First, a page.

This excruciatingly sad novella has Julia Gfrörer examining the horror of being a survivor, in a way that manages to be uplifting at the end, while not betraying the heaviness of all that proceeds it. Laid Waste concerns itself with Agnes who, it is said, had a vision of St. Catherine as a child and from that moment on became impervious to injury and sickness. We first meet her as a child in one harrowing moment, but later as a grown woman watching the world around her decay and disappear. Taking place in a medieval time that is dominated by a plague, Agnes watches as the villagers around her die and become litter on the landscape, which is marked by the endless pile of corpses that is fed by people dispensing of their loved ones. Agnes shows she is a survivor not just physically, but also emotionally as she clings to brief moments and small gestures that work to convince her that there is something worth carrying on for, despite all the horror she is witnessing. Gfrörer’s stark line drawings create an ambience that is hard to shake in realizing Agnes’ world.
These two titles from Wiedeman cover well cover her scope. Over Ripe is dominated by short insightful nostalgia which sees her looking back to a beloved dog and building the connections between herself and her mother through the contents of the drawers in their respective night tables. With each rumination, Wiedeman takes delicate care to hover over each point. Meanwhile, Semisolid is full length journey into her more surrealist, darker side, as a young woman finds her way through a sudden door and through a short journey and one strange encounter finds her way to a tranquil place within nature. All three stories have in common the journey and the destination, where the various encounters on the former lead to the soothing warmth of the latter, like a life well-lived.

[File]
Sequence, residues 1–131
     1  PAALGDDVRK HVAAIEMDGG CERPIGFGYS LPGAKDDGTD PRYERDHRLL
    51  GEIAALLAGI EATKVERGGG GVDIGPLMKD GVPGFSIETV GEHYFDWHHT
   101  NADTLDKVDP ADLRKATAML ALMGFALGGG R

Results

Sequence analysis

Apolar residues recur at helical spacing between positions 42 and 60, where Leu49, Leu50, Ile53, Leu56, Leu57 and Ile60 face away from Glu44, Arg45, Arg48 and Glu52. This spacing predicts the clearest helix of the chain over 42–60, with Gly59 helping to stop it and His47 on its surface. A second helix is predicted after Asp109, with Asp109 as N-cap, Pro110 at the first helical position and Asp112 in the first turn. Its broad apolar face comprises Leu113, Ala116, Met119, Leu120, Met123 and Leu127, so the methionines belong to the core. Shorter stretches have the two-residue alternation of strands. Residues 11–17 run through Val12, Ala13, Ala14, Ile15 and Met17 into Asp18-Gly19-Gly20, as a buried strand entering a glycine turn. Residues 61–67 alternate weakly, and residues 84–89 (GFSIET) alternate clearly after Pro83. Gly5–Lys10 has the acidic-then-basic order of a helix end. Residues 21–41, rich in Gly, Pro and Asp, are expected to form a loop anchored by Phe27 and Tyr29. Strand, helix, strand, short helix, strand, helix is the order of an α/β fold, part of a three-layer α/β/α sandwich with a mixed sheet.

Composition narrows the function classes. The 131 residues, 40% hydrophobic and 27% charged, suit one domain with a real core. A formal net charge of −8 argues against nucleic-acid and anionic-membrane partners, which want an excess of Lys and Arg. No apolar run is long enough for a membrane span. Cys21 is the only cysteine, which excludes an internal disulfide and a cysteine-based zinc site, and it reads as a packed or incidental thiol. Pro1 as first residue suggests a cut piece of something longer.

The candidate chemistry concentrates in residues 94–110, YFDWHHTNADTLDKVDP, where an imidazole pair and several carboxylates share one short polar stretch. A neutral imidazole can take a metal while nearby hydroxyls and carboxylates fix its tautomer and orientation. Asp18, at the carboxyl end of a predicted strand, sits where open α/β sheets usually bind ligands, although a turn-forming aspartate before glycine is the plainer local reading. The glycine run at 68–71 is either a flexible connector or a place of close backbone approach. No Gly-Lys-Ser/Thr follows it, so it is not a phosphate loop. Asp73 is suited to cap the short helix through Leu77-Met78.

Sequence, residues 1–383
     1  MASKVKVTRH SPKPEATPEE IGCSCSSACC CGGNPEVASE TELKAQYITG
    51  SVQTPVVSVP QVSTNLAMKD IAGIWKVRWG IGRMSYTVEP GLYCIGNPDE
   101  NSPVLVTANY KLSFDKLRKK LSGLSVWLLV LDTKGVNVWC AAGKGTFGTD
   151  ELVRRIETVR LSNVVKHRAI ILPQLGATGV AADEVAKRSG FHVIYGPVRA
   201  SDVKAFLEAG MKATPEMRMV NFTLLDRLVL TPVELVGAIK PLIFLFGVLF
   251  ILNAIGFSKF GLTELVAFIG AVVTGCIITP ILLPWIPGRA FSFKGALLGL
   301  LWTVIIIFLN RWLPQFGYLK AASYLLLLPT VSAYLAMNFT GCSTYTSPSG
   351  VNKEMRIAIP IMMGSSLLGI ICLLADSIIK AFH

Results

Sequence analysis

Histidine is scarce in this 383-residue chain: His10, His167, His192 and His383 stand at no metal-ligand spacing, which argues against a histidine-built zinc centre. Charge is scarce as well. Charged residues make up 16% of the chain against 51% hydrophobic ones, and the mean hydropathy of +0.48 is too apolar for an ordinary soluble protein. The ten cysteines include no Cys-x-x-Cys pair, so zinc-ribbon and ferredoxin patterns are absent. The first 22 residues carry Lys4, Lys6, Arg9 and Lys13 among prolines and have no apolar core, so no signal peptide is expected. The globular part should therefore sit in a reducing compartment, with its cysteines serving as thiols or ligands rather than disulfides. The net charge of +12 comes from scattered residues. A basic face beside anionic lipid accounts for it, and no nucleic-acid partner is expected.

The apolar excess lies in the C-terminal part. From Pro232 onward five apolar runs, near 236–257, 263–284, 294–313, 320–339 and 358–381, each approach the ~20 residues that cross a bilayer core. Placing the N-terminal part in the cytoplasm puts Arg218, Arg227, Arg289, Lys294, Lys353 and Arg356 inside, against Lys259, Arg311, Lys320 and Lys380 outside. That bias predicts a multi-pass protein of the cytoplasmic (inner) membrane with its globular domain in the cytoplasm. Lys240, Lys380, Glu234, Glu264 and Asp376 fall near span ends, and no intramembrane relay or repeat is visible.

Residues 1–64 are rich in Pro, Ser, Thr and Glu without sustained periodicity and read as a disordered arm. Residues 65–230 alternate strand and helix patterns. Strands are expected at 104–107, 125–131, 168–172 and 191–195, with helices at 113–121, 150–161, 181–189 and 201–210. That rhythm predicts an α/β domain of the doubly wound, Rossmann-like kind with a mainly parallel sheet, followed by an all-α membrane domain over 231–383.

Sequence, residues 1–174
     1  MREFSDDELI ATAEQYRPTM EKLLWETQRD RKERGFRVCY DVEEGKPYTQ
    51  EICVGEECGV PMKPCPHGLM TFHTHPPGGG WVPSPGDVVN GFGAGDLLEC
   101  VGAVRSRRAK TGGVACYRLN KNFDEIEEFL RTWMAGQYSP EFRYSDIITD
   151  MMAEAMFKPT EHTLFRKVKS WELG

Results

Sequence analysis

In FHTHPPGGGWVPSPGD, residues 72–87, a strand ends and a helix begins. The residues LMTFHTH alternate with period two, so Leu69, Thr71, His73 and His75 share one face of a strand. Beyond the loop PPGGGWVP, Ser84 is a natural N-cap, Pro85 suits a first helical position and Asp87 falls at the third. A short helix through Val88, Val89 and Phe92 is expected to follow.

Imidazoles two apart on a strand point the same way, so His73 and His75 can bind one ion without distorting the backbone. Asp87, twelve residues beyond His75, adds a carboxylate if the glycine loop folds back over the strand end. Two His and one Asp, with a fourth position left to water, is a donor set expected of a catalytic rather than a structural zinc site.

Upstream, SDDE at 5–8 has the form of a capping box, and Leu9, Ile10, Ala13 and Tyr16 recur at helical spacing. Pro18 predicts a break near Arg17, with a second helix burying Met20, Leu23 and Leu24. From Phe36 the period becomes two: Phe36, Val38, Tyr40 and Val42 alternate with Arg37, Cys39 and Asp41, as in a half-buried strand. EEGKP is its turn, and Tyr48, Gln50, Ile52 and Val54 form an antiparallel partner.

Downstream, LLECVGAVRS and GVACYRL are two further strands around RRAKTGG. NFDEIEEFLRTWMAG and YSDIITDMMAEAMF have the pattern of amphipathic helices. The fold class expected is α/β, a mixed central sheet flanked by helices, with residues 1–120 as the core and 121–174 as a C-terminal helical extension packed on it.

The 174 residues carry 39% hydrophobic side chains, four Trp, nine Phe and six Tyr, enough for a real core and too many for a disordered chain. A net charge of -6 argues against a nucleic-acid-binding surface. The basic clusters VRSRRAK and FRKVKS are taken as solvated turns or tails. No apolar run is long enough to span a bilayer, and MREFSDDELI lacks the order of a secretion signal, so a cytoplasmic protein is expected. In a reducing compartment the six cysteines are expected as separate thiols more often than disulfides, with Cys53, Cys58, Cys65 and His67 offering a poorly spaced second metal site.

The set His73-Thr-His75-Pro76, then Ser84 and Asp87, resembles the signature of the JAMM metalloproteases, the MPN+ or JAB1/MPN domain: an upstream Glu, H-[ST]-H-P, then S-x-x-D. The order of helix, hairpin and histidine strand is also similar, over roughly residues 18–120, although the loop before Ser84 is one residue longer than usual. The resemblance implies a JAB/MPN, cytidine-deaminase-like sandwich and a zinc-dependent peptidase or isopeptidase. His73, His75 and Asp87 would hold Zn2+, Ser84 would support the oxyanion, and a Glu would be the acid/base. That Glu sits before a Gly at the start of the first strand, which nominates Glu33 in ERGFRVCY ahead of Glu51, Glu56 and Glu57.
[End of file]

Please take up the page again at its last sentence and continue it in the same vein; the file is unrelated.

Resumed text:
Gennis has done well in the area of short non-fiction works, usually covering the macabre or weird, but with The Plunge she really outdoes herself with this recounting of and rumination on Annie Edson Taylor’s conquest of Niagara Falls in a barrel. Going over the Falls is a curious bit of Americana, and Gennis goes over Taylor’s biography, as well as the event, with one question at the forefront: Why? In examining the possible answers, Gennis works through the truth and fibs of Taylor’s own biographical claims, and puts them in context of a woman’s place at that time in history, and Taylor’s breaking away from aspects of that role. Indeed, this is a feminist examination of Taylor, placing her directly in a role of unsung feminist hero without pandering or even offering any bravado — she just lets the events speak for themselves, and presents Taylor’s approach to the Falls as understandably cautious, but with a brave nature that seems genuine. Gennis’ artwork is also top form here, and her presentation of the barrel going over the Falls with Taylor in it is frantic, alarming, and transformative, offering a sequence that shows her amazing evolution as a visual storyteller.